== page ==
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Advice for Up-and-Comers from a Musician who Made it

By Ryan Mernin

Achieving success as a musician is often made out to be a kind of magical, intangible feat, a notion that can be both exciting and discouraging for those looking to make a career in music.  October Project lead singer Julie Flanders, however, has practical advice for amateurs looking to make it in the music business.  October Project had two popular albums with Epic Records in the ‘90s, October Project and Falling Farther In, and although their stardom has since waned they are currently in the process of producing a third.    Flanders has a number of reflections, both on how to make a constant living through music and how to achieve and manage the fleeting fame that some musicians eventually discover.

The nitty-gritty always comes first, she says.  Any moderately successful band has to be able to manage itself and to take the business side of the job seriously.  “[T]hink of the business as something you can practice – like five-finger scales or jazz and guitar riffs. You can get better at every aspect, or collaborate with or hire an expert. Think of your business team like a band.”

A solid business team will help your band to prepare for success, so that momentary popularity develops into lasting momentum, instead of disappearing and becoming a forever-lost 15 seconds of fame.  Self-advertising, primarily through playing as much as possible, is absolutely necessary.  Don’t get bogged down in recording studios or in each other’s basements.  Get out and get noticed, you never know who might be in the audience.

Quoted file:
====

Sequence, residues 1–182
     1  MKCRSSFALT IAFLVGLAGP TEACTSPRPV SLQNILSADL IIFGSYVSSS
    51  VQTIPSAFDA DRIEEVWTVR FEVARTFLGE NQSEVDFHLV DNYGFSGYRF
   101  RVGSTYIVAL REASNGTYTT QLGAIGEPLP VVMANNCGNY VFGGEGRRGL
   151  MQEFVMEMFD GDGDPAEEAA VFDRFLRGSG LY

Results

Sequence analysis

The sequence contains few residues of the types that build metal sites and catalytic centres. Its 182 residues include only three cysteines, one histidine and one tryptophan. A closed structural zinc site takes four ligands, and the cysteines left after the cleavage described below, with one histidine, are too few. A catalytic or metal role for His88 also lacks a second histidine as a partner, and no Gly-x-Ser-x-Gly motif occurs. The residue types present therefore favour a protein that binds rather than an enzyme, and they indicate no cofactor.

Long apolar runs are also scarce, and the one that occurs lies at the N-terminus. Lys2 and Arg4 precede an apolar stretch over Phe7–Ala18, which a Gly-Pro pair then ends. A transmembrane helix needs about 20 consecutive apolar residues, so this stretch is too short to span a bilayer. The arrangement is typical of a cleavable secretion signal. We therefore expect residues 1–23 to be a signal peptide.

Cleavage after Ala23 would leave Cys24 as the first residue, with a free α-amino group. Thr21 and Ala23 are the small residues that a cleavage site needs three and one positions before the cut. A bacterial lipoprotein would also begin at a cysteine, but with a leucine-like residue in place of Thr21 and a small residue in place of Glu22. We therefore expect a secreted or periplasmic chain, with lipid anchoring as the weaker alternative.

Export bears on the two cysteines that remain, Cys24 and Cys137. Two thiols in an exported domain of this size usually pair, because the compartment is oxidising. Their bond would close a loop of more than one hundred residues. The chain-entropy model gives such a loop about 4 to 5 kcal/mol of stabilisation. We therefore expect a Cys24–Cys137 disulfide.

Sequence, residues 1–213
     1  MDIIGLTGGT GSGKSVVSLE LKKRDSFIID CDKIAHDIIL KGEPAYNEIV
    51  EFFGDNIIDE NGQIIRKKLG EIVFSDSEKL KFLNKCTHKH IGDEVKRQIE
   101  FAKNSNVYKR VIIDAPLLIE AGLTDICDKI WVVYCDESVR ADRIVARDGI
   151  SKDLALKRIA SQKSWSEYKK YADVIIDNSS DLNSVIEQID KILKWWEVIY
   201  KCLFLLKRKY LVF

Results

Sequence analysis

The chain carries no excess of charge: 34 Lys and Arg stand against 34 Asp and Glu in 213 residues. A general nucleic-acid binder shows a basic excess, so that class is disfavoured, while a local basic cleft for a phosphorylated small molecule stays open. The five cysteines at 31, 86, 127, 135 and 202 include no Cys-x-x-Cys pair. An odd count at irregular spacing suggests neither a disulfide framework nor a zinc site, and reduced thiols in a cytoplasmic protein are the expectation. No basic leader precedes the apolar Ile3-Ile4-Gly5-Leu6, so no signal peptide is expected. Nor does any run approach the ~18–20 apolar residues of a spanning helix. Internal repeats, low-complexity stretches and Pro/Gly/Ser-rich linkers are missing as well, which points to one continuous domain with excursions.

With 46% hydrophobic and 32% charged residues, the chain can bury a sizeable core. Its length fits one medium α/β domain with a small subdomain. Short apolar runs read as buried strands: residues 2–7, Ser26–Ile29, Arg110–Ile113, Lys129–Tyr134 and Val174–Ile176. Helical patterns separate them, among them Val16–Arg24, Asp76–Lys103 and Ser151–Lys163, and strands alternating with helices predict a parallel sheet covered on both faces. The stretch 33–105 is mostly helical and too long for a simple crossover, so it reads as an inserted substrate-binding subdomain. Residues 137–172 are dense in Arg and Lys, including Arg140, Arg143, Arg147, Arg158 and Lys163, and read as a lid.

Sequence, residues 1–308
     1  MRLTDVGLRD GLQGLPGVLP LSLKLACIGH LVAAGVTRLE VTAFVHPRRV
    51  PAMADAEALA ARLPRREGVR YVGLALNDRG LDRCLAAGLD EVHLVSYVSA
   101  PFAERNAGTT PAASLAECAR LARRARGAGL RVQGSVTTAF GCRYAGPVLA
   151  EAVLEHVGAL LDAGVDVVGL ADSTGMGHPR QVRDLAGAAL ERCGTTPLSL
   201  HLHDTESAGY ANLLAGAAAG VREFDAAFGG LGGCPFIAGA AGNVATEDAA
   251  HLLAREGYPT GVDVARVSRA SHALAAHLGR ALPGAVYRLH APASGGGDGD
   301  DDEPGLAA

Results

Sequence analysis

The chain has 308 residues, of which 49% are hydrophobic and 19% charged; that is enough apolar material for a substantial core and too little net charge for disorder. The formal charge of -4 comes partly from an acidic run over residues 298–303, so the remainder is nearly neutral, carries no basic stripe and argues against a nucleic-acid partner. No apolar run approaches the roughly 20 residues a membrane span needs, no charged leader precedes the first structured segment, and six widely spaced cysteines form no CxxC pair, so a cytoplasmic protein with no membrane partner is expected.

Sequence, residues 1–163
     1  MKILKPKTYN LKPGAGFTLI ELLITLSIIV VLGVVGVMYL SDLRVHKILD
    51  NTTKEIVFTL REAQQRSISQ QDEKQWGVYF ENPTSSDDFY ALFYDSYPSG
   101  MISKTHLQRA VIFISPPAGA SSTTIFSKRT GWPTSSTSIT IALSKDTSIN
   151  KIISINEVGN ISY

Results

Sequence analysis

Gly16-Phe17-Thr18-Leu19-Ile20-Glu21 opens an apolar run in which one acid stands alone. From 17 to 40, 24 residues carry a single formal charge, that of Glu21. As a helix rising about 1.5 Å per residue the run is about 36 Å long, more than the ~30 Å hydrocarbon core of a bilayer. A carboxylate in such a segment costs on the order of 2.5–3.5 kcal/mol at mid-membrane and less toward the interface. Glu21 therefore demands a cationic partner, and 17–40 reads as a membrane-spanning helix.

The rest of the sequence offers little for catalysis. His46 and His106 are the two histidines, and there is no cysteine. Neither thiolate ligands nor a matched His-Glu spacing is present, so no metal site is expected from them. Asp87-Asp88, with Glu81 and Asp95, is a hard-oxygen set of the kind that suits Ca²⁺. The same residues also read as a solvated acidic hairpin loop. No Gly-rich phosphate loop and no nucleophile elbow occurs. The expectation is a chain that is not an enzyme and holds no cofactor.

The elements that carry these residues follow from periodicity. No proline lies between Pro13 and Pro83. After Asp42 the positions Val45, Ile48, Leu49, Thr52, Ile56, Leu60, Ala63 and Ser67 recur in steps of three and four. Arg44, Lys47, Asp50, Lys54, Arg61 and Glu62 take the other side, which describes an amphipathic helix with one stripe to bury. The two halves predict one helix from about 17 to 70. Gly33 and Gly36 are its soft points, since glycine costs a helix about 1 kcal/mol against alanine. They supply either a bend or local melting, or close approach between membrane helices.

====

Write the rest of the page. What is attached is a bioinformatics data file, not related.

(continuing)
But self-advertising involves more than just playing shows.  Sell your image; make your band look like a group of professionals.  T-shirts and other brand items go a long way in making people remember a show, and in spreading the word.  And while you’re building your career, learn how to crowd fund.  It can simultaneously raise money and get your name out in the open.  Learn how to sponsor your life outside of music, in order to give yourself a chance.  Teach classes, write songs for other bands, or get into the technical aspect of production.  Do what you can to give yourself room to make mistakes.

And sell your music, Flanders stresses, “digitally, physically, and in every format you can think of and invent.”

Of course, she says, it all comes down to the sound itself, and no one gets anywhere without a band that plays together and that spends as much time as possible practicing.  Make sheet music or songbooks so that what started out as a jam-session melody or a bus-ride idea for a song doesn’t get lost or forgotten.  Having written collections of finished songs, notes, music, and chord progressions makes for a good emerging repertoire, but is also useful for experimenting and reworking those same ideas.  Don’t be afraid to collaborate with other artists and other bands, to pit your sound against something new and to experiment.

Collaborating also helps to build a network of musicians with similar tastes and styles.  Hosting artists from other cities in your own town is a great way to connect with these people and to find partners in all aspects of your music career, whether it’s agents and managers to help with business, producers to help with recording, or other artists to help you fine-tune your sound and discover your niche.  Keeping up-to-date with fellow artists, especially those who are a step ahead of you in terms of success will help you to mould your career.  Success means they’ve done something right, inside and outside of the music itself, and are an example that can be followed and replicated.